The construction of the stadium was shut down for almost two months in April and May in an effort to stem the spread of the coronavirus. To make up for that lost time, PawSox Executive Vice President Dan Rea said in a WBJ interview in August construction crews have been working double shifts over the summer, so the city and the team can still meet the anticipated opening date in April 2021.

On Sept. 18, Augustus said in a report to the Worcester City Council the ballpark construction team will meet the April 2021 opening deadline, describing a Herculean effort by all parties involved. 

Denis Dowdle, the president of Madison Properties

Who pays for the cost overruns – the city or the team – will come out at the negotiating table.

After the team agreed in 2018 to move to Worcester in 2021, the city and the team never had a specific deadline for when they would finalize the lease agreement for the team to occupy the stadium. Typically, though, a government wants that deal complete before it starts sinking money into construction costs, said Edelman, from Baruch College, so it can maintain its negotiating leverage.

“There’s kind of a poker game, and the public usually has a bad hand on that,” said Joel Maxcy, a sports economist at Drexel University in Philadelphia.

City spokesman Walter Bird said it would be more unusual for a lease to be completed at this stage of a project. In the meantime, the initial agreement from August 2018 between the city and team serves as a governing document between the two sides.

“The base lease has been drafted but operational decisions like public access logistics, parking coordination, and shared advertising assets, continue to be fleshed out as the construction takes shape and we’re able to see first-hand how the entire development interconnects,” Bird said.

Experienced negotiators

The 2018 memorandum of understanding between the city and PawSox said the team will be responsible for all construction cost overruns. That initial agreement says neither side shall be responsible for so-called force majeure events, a legal clause for unforeseen events such as a pandemic. But that clause was to be defined in the lease, which hasn’t been signed.

When asked, the team didn’t comment on whether it’s committed to picking up all the extra ballpark construction costs as spelled out in the memorandum of understanding, instead referring questions to the city. The team also declined to comment on the lack of a signed lease to move into the stadium.

When asked about if the plan is to still have the team pay for all construction cost overruns, the city said the team’s obligations in the memorandum of understanding remain.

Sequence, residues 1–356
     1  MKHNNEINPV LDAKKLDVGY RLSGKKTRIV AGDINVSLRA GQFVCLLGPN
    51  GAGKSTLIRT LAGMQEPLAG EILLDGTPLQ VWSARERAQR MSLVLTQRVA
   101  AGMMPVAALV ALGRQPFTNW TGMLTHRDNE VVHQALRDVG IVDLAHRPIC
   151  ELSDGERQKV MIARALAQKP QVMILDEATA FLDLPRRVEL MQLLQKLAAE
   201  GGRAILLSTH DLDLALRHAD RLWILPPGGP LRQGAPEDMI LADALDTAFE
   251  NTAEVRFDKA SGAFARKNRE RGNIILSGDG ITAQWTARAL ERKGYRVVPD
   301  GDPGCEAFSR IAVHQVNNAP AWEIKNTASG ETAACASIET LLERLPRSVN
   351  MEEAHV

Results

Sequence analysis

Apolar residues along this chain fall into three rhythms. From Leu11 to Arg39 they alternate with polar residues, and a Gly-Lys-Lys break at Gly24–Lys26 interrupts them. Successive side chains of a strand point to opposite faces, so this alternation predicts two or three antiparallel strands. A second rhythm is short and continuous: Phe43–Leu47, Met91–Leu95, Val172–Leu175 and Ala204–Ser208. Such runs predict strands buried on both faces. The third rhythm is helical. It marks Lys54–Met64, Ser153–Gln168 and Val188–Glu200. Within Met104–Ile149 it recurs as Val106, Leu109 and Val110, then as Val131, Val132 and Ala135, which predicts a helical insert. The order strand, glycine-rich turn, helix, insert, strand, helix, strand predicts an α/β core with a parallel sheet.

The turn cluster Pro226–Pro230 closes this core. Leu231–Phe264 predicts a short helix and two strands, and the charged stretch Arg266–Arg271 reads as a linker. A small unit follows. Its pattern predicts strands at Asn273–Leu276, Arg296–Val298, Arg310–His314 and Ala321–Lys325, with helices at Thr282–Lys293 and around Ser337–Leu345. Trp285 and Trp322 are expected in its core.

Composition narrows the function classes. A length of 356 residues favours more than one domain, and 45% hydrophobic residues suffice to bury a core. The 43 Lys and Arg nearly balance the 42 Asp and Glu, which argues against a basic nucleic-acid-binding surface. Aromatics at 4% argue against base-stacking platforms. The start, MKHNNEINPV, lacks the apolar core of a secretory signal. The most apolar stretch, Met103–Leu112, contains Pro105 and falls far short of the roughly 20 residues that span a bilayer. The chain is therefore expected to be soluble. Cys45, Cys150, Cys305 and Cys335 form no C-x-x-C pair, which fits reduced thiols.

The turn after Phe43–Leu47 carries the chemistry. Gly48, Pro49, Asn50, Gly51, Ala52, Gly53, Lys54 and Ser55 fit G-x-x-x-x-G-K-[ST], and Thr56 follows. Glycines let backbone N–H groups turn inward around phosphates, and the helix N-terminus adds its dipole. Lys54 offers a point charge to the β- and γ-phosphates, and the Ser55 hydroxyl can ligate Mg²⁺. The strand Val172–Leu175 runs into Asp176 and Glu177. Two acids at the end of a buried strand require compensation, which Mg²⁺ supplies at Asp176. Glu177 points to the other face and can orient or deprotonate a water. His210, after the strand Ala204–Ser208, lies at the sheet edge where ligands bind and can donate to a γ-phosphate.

“The team and city are working collaboratively on the construction of Polar Park to ensure it is a ballpark that makes the community proud,” Bird said. “We have also worked to overcome COVID-19 delays and obstacles together as partners, while still being ready for an April 2021 Opening Day.”

In January, when the construction costs on the stadium first rose from original estimates by $9.4 million, the team said then it would to pick up those extra costs, although the city agreed to give the team a portion of the facility fee collected on the price of tickets – money originally slated to go to the city for the stadium upkeep.

When governments negotiate with businesses – especially those like the PawSox who have owners and executives experienced in negotiations – public officials are typically at a disadvantage, said Jodi Balsam, who teaches sports law at Brooklyn Law School in New York.

“They’re not negotiating from a place of business wherewithal and resources,” she said of the city. “They’re elected officials negotiating on behalf of the city. It has no resemblance to how negotiations are handled in the capital market.”

When the PawSox in 2017 indicated they were considering leaving their long-time home of Pawtucket, about 20 local governments from around New England offered various deals to bring the team to their communities. PawSox officials have said they chose Worcester because of its rising economic and cultural momentum, although the then $101 million in public financing Worcester offered the team was far more than the $38 million Rhode Island offered to keep the team in Pawtucket.

Ballpark deed is 19 months behind schedule

City officials chose to build the ballpark on the advice of a paid consultant, the sports economist Andrew Zimbalist from Smith College in Northampton, who typically had been a critic of publicly funded stadiums, including in his 1997 book.